While T-Mobile will use the deal to offer first 5G services to the US, Nokia will use the same to boost its output that has been flagged from 4G generation
Finnish smartphone giant, Nokia, has entered a deal worth US$ 3.5 billion with American network operator, T-Mobile, for the development of next-generation, 5G technology. This partnership has become the world’s largest 5G deal till date.
Nokia supplies will help T-Mobile offer first 5G services to the US
T-mobile, which is trailing behind U.S telecom majors Verizon and AT&T, said that the multiyear supply deal with Nokia will help the US enjoy the first-ever nationwide 5G services. Earlier in April, T-Mobile had agreed to a merger with Sprint to create a stronger rival to Verizon and AT&T.
According to the deal, Nokia will be supplying 5G hardware, software and services to T-Mobile that will allow the latter to capitalise on licensed airwave to generate, broad coverage on 600-megahertz spectrum and ultra-high-speed capacity on 28 gigahertz airwaves in heavily trafficked urban regions, both the companies stated.
The companies also added that Nokia will supply the American network operator with its AirScale radio access platform along with cloud-connected hardware, software and acceleration services.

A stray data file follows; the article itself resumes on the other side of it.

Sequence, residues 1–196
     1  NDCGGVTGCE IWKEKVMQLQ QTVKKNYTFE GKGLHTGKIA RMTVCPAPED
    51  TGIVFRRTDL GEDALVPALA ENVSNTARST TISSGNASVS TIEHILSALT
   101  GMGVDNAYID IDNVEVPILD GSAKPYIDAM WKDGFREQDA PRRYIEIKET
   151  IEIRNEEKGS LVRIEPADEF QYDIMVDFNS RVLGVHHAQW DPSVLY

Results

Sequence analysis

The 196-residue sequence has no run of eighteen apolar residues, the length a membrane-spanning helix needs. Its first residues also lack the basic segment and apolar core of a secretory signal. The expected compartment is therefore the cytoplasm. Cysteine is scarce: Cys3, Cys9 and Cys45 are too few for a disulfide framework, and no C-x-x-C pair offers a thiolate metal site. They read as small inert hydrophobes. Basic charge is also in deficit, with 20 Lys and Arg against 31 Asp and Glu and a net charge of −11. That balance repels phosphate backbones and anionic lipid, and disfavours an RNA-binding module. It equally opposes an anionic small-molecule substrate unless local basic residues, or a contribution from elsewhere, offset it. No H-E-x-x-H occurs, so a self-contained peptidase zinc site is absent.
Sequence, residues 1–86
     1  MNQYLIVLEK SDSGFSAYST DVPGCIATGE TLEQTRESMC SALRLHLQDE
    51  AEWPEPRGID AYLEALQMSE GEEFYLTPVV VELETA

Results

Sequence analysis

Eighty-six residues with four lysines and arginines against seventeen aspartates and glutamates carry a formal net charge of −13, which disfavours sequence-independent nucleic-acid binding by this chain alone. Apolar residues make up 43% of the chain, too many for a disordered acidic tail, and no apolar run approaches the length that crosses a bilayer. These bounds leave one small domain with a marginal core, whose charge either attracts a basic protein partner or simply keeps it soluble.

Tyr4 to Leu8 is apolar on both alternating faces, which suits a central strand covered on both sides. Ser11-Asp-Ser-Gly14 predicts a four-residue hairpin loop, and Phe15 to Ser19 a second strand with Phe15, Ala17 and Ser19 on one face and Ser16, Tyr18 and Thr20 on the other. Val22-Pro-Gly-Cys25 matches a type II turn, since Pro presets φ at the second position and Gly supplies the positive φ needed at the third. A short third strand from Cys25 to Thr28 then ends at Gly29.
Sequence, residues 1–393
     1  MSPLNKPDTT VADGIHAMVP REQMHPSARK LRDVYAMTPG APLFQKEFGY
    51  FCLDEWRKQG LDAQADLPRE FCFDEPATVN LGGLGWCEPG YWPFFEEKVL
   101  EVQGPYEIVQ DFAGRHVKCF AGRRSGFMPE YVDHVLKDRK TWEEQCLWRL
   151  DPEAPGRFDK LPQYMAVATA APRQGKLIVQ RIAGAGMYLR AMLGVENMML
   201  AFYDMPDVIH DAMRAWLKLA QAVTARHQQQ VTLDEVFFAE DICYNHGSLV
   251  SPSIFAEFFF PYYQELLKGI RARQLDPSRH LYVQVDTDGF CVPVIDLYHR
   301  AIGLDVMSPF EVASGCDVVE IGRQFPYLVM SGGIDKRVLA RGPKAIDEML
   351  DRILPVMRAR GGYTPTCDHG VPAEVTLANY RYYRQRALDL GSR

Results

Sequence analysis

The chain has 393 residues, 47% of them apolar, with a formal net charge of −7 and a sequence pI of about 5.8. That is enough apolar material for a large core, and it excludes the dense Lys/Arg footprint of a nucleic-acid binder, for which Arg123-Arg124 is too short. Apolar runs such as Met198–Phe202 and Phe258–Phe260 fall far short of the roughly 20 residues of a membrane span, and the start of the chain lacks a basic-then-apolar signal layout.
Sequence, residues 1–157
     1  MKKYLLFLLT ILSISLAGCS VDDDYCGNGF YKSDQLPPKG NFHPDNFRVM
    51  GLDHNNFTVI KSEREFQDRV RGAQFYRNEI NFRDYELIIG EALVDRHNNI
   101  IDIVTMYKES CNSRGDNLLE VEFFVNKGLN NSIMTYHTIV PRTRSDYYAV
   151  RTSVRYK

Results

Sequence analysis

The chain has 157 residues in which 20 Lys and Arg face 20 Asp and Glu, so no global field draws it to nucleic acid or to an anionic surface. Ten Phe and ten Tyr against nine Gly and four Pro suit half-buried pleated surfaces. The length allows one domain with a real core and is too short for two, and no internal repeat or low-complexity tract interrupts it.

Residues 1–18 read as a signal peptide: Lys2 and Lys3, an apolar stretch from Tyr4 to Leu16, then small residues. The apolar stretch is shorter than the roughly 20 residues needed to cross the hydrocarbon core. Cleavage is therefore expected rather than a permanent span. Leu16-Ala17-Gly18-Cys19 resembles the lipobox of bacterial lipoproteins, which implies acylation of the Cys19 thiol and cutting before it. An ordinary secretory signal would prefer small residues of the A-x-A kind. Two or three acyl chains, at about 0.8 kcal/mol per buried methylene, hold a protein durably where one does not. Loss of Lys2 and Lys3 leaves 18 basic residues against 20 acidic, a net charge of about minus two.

5G networks make networks more responsive and reliable for the eventual creation of a new industrial automation, medical monitoring, driverless car and other business benefits.
Nokia looks to make full use of the deal
Nokia has been suffering from poor output over many years due to sluggish demand for existing 4G networks and growing investor doubts over the ability of 5G contracts to enhance the profitability in the later of the current year.
Although 5G networks promise faster Internet speeds, cash-strapped telecom operators all over the world have been sceptical about adopting commercial upgrades of existing networks, with several viewing 5G technology to generate incremental capacity increases instead of new features.
China’s Huawei, Nokia and Sweden’s Ericsson have all struggled with sluggish growth since the existing 4G generation saw a surge in 2015.